1. executivedreamer Post author

      Amazingly enough a fellow blogger from San Francisco (Granola Shotgun) showed up out of nowhere, sat through the hearing, and then took me for a coffee. I’d never met Johnny before in person. Isn’t that amazing? Next time, I’ll let you know. Good to know there are folks who care.

  3. jzavon

    To all your readers who work within the property valuation system:
    Can you please outline the process, variables, and data sources used in your valuation of this property? Without it, your method remains a mystery. Cincyopolis has touched a nerve that raises public indignation. Crisis management specialists would tell you this is the moment for you to begin public outreach, before that public indignation ripens into loss of confidence in local governance or worse.

    1. executivedreamer Post author

      I’ll do a post tomorrow that shows my logic. It was a per square foot comparison with the condo building across the street. That was labeled “apples to oranges” – even though it was a 6:1 ratio. The land value – cut in half since 2003 – well, to be honest, I didn’t understand anything about the rather vague land usage references. As I say – the Auditor’s professional appraiser only had limited time to testify and everybody was fairly well annoyed by my bringing the complaint – only the second one by a non-property owner in 3 years.

  4. Zachary Schunn

    I know I’m late with comments… just stumbled upon this.

    The Board of Revisions seems to have shifted from an understanding that their valuations are over-valued (as was the case during the downturn) to an understanding that their valuations are under-valued (as is now the case in an improving market).

    Unfortunately, there are still property owners out there who didn’t contest their valuations during the downturn, and now they’re left paying as much as 50-100% more in taxes than they should. The Board, which used to be more lenient with evidence, is now as you said forcing professional appraisals as proof (apparently there’s a back story regarding Ohio law there), so I’m not surprised you hit that hurdle.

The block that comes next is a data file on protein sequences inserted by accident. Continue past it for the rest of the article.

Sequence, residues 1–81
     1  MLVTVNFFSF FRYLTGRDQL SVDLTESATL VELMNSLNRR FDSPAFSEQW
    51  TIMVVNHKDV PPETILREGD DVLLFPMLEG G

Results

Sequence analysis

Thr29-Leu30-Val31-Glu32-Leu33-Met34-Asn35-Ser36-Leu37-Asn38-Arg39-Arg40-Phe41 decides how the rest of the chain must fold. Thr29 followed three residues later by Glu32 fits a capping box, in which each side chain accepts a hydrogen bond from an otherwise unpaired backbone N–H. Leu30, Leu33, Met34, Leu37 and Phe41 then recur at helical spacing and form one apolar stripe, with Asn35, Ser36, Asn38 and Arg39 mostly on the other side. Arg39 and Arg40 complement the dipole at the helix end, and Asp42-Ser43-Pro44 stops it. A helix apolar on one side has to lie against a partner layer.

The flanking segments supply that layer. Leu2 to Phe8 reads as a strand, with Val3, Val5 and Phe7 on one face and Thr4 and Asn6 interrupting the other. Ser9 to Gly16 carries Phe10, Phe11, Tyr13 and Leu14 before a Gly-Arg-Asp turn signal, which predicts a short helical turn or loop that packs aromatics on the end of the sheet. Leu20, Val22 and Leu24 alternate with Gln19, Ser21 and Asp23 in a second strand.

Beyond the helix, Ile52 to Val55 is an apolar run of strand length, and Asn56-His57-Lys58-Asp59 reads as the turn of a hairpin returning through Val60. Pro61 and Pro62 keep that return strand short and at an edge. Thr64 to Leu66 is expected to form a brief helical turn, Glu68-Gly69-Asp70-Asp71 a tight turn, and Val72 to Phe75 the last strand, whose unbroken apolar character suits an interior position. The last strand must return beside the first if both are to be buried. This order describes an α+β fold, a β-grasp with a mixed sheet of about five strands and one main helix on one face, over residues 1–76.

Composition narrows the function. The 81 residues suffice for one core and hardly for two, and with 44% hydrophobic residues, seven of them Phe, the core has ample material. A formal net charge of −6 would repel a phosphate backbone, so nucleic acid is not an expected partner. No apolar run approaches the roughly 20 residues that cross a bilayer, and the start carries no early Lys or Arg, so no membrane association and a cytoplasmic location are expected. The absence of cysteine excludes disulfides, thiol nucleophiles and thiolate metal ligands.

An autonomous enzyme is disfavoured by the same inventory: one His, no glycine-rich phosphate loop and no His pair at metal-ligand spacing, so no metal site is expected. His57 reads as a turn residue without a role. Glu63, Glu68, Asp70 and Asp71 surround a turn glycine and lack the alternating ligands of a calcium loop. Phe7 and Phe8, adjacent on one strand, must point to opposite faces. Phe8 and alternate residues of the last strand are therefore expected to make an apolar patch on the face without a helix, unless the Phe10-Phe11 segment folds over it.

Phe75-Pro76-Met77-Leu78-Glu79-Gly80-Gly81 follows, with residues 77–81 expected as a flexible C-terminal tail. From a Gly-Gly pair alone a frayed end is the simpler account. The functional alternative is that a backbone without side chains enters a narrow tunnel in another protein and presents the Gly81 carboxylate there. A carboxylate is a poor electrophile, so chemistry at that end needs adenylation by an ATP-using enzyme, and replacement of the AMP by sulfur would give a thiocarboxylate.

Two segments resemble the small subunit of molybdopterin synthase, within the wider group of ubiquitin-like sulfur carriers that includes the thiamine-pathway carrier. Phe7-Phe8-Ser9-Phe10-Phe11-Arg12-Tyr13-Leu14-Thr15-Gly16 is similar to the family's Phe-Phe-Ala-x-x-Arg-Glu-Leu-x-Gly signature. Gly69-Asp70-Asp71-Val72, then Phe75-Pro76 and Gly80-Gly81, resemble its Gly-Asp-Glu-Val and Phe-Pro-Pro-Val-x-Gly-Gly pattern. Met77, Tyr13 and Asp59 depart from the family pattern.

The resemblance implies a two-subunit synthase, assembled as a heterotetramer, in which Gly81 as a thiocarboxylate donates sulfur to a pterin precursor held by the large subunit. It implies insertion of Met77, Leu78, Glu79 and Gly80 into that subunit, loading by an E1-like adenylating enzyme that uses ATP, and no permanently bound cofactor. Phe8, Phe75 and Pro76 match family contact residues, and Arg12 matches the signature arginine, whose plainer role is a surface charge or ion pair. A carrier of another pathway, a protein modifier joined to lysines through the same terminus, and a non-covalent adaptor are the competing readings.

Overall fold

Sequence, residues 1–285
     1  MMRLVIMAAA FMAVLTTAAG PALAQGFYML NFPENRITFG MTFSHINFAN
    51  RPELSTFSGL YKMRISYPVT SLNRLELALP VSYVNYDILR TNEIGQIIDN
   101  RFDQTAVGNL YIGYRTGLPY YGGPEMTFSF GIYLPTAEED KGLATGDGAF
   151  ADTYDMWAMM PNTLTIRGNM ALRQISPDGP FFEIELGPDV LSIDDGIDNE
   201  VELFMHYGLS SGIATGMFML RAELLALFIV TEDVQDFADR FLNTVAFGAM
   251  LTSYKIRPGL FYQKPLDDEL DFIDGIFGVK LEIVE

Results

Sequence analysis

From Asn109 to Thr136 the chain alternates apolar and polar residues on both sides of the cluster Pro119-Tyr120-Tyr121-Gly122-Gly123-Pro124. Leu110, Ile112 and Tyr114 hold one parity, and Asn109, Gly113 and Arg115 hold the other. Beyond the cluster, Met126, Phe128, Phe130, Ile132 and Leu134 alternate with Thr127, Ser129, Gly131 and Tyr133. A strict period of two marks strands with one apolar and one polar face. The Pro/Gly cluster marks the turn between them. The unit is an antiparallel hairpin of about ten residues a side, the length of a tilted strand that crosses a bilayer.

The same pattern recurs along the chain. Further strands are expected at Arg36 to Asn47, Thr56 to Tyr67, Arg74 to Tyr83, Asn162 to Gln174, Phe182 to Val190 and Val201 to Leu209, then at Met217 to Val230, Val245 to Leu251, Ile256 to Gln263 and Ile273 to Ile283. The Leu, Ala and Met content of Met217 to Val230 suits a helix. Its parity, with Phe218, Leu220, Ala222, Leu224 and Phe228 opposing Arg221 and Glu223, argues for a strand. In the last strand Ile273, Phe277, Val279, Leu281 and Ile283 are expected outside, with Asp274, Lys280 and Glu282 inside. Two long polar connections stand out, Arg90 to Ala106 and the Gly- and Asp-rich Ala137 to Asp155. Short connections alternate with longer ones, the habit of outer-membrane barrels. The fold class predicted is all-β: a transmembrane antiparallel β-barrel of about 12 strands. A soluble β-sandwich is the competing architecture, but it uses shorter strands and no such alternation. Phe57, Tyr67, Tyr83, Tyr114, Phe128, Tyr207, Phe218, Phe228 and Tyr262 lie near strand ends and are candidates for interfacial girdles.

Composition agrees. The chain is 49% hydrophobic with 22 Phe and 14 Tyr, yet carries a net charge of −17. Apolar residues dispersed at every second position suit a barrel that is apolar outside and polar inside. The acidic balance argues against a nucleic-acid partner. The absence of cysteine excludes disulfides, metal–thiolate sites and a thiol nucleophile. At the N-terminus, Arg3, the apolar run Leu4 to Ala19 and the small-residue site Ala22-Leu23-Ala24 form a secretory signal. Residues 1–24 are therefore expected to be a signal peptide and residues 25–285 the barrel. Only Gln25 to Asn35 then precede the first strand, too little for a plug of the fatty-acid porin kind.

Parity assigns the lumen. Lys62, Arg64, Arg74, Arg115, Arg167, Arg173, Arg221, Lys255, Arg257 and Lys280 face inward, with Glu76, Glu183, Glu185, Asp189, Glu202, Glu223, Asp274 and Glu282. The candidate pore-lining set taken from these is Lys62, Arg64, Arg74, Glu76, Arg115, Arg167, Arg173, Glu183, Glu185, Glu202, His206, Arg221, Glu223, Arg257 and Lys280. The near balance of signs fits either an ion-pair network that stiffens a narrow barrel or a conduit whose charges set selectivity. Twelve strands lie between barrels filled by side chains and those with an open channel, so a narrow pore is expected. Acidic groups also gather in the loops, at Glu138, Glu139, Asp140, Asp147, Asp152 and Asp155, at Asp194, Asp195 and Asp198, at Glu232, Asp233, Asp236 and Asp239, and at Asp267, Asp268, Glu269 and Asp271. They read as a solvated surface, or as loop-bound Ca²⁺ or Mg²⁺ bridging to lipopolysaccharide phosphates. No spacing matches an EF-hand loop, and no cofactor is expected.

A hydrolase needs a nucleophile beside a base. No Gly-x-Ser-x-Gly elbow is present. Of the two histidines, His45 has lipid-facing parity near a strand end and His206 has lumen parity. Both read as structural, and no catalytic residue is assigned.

And in any flawed system, with flawed valuations, there are of course other loopholes to prevent re-valuation. You mentioned the lack of sales which would cause re-valuation. Downtown, some of the sales that HAVE occurred have been asset swaps, LLC transfers, or other “off-market” means to prevent a sale from ever showing on public record. I know Eagle Realty has employed this multiple times. (I’m told they sold 114 W. 6th for around $5 million via LLC transfer… that’s still valued around $3 million and still listed as Eagle Realty’s property. And of course, when they sold the stake in Great American Tower is never showed up as a “sale” because of the complicated ownership structure there.)

    1. executivedreamer Post author

      How did I miss this insightful, knowledgeable comment? As always, your perspective very, very helpful. We have to figure out how to improve this system or else we have to eliminate property taxes altogether.

    1. executivedreamer Post author

      Thanks, John Green. I hadn’t seen your particular link – but there’s probably a page dedicated to valuation reduction services at every big law firm. It’s become quite a revenue producer. Not illegal or unethical by any means. Clients pay law firms to aggressively represent their interests. But we’ve got a very broken system and we have to do better. Right now it is two-tiered property-tax with one effective rate for those who can afford to pay for top-level representation and the regular rate for middle-class homeowners.